Last major update issued on February 3, 2006 at 05:35 UTC.
geomagnetic data - last month (updated daily)]
[Solar wind and electron fluence charts (updated daily)]
[Solar cycles 21-23 (last update January 8, 2006)]
[Solar cycles 1-20]
[Graphical comparison of cycles 21, 22 and 23 (last update January 8, 2006)]
[Graphical comparison of cycles 2, 10, 13, 17, 20 and 23 (last update January 8, 2006)]
[Historical solar and geomagnetic data charts 1954-2004 (last update February 1, 2005)]
[Archived reports (last update January 8, 2006)]
The geomagnetic field was inactive to quiet on February 2. Solar wind speed ranged between 330 and 375 (all day average 347) km/sec under the influence of a very weak stream from CH207/208.
Solar flux measured at 20h UTC on 2.8 GHz was 77.3. The planetary A
index was 3 (STAR Ap - based on the mean of three hour interval ap
Three hour interval K indices: 10011012 (planetary), 10122211 (Boulder).
The background x-ray flux is below the class A1 level.
At midnight the visible solar disk was spotless (consecutive spotless days: 6). The solar flare activity level was very low. No C class events were recorded during the day.
January 31 - February 2: No obviously fully or partly Earth directed CMEs were observed.
Coronal hole history (since late October 2002)
Compare today's report with the situation one solar rotation ago: 28 days ago 27 days ago 26 days ago
A small southern hemisphere coronal hole (CH207) was in an Earth facing position on January 28-29. The southernmost parts of a poorly defined coronal hole (CH208) in the northern hemisphere may have been in an Earth facing position on January 30. A small coronal hole (CH209) in the northern hemisphere will likely rotate into an Earth facing position on February 4.
Processed SOHO/EIT 284 image at 01:06 UTC on February 3. The darkest areas on the solar disk are likely coronal holes.
The geomagnetic field is expected to be quiet on February 3-9.
|Coronal holes (1)||Coronal mass ejections (2)||M and X class flares (3)|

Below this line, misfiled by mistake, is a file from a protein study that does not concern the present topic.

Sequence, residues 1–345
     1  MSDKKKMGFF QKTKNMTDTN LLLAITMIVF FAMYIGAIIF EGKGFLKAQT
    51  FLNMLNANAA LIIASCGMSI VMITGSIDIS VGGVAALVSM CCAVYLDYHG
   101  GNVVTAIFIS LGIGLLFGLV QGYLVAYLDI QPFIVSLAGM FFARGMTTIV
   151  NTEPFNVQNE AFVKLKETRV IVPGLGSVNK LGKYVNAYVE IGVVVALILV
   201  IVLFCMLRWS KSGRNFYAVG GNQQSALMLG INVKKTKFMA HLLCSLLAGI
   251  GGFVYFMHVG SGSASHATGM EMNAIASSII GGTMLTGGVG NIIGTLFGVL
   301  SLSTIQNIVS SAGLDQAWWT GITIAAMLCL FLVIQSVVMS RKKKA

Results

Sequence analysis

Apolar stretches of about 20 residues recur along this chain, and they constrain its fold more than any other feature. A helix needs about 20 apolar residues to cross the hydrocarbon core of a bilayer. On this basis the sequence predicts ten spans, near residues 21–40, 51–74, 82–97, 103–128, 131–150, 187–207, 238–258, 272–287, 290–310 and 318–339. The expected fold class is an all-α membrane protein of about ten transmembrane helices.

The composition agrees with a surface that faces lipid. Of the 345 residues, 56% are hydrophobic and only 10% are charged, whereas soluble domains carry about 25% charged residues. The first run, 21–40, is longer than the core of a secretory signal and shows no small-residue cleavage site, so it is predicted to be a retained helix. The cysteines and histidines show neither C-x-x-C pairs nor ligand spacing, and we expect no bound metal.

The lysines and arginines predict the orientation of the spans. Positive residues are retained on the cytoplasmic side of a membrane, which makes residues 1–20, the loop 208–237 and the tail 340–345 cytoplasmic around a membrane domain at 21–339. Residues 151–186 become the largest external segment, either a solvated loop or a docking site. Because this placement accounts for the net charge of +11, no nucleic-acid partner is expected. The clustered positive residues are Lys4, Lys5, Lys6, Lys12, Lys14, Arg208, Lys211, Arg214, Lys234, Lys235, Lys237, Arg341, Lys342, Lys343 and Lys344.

1) Effects from a coronal hole could reach Earth
within the next 5 days. When the high speed stream has arrived the color changes to green.
2) Effects from a CME are likely to be observed at Earth within 96 hours.
3) There is a possibility of either M or X class flares within the next 48 hours.
Green: 0-20% probability, Yellow: 20-60% probability, Red: 60-100% probability.
Long distance low and medium frequency (below 2 MHz) propagation along east-west paths over high and upper middle latitudes is fair to good. Propagation on long distance northeast-southwest paths is poor. Trans Atlantic propagation conditions are normally monitored every night on 1470 kHz. Dominant station tonight: WLAM Lewiston ME. Station from North America were more numerous and had stronger signals compared to the previous night.
Compare to the previous day's image.
Data for all numbered solar regions according to the Solar Region Summary provided by NOAA/SEC. Comments are my own, as is the STAR spot count (spots observed at or inside a few hours before midnight) and data for regions not numbered by SEC or where SEC has observed no spots. SEC active region numbers in the table below and in the active region map above are the historic SEC/USAF numbers.
|Active region||Date numbered||SEC
|Location at midnight||Area||Classification||Comment|
|Total spot count:||0||0|
flux at Earth
|International sunspot number||Smoothed sunspot number|
cycle 23 sunspot max.
|2005.08||90.5||36.4||(27.6 predicted, -1.5)|
|2005.09||91.1||22.1||(25.8 predicted, -1.8)|
|2005.10||77.0||8.5||(24.0 predicted, -1.8)|
|2005.11||86.3||18.0||(21.6 predicted, -2.4)|
|2005.12||90.7||41.2||(18.7 predicted, -2.9)|
|2006.01||83.4||15.4||(15.6 predicted, -3.1)|
|2006.02||77.5 (1)||0.0 (2)||(12.5 predicted, -3.1)|
1) Running average based on the
daily 20:00 UTC observed solar flux
value at 2800 MHz.
2) Unofficial, accumulated value based on the Boulder (NOAA/SEC) sunspot number. The official international sunspot number is typically 30-50% lower.
This report has been prepared by Jan Alvestad. It is based partly on my own observations and analysis, and partly on data from some of these solar data sources. All time references are to the UTC day. Comments and suggestions are always welcome.